However, they praised the council and Department of Child Protection for the speed with which the evacuation centre was established and the help available.
MP backs 'siren on the hill' warning solution
A FIRE “siren on the hill” should be part of a “suite of alerts” to warn residents of approaching bushfires according to South West MLC Barry House.
He told Sunday’s meeting that a “layered approach” involving SMS and radio alerts, and maybe a new trial system of radio frequency alerts, was needed.
“Fire brigades tend to be very cautious about the siren on the hill stuff, but I believe it should be part of a suite of alerts available,” Mr House said.
Residents agreed improved mobile phone coverage was the most important safety issue that should be addressed by the government. SMS alerts were unreliable because of the area’s “patchy” mobile phone coverage, they said.
Garrath Stewart told of first-hand experience with SMS fire alerts while holidaying in Victoria during the 2009 Black Saturday bushfires.
“We were getting SMS alerts on the mobile phone every 15 minutes,” he said. “Here, seven kilometres out of town and there’s no mobile reception. Four hours after my house burned down I got an SMS message saying that there was a fire risk.”
In other comments to the meeting Mr House said he wanted to see the local fire brigade captain given initial control of bushfires to ensure local knowledge was used in planning the fire suppression fight
He said across the state local government “doesn’t seem to insist” on road verge clearing and volunteer fire brigades lacked funding to undertake controlled burns on road verges.
Roadblocks added to victims' ire
THE perceived attitude of police at roadblocks during the fires was an issue for victims attending Sunday’s meeting, some of whom were prevented from getting to their homes to try to protect them.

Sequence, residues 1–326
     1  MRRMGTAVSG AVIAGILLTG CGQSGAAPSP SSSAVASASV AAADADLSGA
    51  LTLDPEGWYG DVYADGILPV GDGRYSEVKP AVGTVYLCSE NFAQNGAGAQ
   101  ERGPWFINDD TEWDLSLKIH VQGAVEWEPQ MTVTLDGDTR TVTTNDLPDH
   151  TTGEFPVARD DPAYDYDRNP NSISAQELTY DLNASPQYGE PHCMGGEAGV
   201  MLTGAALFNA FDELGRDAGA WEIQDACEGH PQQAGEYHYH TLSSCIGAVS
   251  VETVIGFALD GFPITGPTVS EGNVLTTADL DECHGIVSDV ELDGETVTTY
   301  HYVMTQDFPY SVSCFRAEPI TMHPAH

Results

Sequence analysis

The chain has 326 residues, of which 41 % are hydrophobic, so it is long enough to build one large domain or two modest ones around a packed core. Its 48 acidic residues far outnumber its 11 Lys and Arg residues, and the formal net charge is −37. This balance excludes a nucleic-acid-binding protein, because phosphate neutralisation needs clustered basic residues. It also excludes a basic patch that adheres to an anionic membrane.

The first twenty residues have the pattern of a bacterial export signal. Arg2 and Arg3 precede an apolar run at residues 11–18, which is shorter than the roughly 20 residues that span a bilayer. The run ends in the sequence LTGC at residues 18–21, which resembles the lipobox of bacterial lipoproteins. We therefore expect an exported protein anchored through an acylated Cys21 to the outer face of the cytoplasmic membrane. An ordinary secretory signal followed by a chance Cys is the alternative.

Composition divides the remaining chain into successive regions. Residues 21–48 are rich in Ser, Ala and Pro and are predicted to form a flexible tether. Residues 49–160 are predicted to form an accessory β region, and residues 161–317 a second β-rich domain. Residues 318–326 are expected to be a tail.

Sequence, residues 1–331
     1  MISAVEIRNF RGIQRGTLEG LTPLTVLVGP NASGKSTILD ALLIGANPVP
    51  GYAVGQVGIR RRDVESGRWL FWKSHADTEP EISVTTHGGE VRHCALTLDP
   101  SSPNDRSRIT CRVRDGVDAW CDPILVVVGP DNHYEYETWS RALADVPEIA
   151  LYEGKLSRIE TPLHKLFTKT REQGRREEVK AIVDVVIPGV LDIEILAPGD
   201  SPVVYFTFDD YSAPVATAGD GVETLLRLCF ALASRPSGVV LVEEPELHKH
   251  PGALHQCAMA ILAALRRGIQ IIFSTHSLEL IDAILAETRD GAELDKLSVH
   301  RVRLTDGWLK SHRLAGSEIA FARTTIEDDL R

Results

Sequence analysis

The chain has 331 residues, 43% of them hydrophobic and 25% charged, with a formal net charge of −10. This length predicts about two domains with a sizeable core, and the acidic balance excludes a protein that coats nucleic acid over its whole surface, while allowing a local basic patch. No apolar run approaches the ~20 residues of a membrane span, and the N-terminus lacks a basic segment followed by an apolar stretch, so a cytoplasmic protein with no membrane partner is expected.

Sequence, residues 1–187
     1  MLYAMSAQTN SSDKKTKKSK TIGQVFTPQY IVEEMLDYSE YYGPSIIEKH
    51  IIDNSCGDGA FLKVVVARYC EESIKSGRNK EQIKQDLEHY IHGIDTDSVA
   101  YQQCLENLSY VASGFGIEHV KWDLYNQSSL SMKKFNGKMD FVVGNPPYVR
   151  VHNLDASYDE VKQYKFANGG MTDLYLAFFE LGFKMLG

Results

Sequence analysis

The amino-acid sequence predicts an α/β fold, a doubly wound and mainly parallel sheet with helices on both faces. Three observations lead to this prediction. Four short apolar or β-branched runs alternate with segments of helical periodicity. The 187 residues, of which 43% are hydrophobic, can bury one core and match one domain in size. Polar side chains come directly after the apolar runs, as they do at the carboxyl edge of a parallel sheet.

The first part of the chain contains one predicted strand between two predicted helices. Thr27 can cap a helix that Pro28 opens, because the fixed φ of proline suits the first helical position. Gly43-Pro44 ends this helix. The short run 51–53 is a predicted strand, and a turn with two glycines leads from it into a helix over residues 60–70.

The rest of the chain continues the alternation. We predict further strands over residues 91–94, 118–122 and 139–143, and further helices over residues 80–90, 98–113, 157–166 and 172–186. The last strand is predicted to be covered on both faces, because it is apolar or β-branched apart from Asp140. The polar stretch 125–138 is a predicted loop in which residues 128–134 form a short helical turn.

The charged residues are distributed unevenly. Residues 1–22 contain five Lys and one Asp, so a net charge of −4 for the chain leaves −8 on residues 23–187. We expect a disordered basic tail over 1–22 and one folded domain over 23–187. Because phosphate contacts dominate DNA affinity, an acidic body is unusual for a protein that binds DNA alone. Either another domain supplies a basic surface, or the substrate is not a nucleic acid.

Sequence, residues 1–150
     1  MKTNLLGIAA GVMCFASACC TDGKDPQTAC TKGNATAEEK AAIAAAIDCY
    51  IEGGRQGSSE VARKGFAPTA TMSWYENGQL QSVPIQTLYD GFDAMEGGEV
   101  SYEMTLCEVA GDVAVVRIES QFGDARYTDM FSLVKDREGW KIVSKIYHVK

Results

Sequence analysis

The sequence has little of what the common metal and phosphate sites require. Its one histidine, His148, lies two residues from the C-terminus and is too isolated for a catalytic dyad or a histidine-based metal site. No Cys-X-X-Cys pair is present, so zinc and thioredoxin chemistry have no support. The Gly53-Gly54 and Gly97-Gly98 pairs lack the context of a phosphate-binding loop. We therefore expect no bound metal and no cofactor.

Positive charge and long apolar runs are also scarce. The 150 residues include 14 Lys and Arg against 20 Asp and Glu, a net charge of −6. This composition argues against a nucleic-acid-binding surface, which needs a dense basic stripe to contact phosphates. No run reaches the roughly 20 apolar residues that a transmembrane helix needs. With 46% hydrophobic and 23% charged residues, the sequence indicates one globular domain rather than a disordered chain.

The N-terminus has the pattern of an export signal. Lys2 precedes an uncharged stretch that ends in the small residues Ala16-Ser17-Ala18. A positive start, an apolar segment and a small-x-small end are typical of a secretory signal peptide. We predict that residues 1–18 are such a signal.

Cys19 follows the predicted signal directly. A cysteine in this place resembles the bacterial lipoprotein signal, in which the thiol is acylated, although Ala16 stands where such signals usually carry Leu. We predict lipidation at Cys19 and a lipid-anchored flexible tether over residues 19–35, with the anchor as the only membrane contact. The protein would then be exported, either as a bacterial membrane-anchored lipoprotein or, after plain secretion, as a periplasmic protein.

Tim Moore told of a harrowing 40-minute drive back to Margaret River on the Wednesday of the fires, every 10 minutes taking increasingly panicked calls from his 16-year-old daughter who was alone in the family home that later burned to the ground.
Mr Moore said radio reports put the fire at six kilometres from Prevelly, but he realised it was much closer when he was stopped at a police road block at the Caves and Witchcliffe roads intersection.
“I explained I had to get a 16-year-old girl on her own, out of a house, but they wouldn’t let me through,” he said. “I asked them if they would send somebody to get her for me, but they wouldn’t.
“I’ll admit I contemplated running over the (police) officer to go and get her.
“There was no phone reception, I had to leave, drive back up the hill to where there was phone coverage and ring my daughter and tell her to go to a neighbour’s house.”
Garrath Stewart said he put out flames at a neighbour’s house, jumped in his car and left his Orchid Ramble home as the fire approached on the Wednesday.
He said he drove through blinding smoke along Wallcliffe Rd, planning to go to Surfers Point because he assumed that would be the safest place, but was stopped by police at a roadblock just before Prevelly.
“I said my house was about to burn and I wanted to get to Surfers Point. He said ‘I’m not letting you drive down there.’
“I said ‘Do you want me to go back to my house and be burnt with it?’ He said ‘I don’t care what you do, I’m not letting you through’.
Mr Stewart said he was forced to drive back through the smoke along Wallcliffe Road, in front of the fire destroying his and other homes in the Isaacs Ridge area, to Caves Road.
Fire victims were also critical of the delay and frustration caused by a police road block late on the Saturday after the fires, when they were first allowed back to what was left of their homes.
Several told of waiting for more than an hour in a four-kilometre queue of cars while police checked whether people were residents. The following day there were no checks or entry restrictions.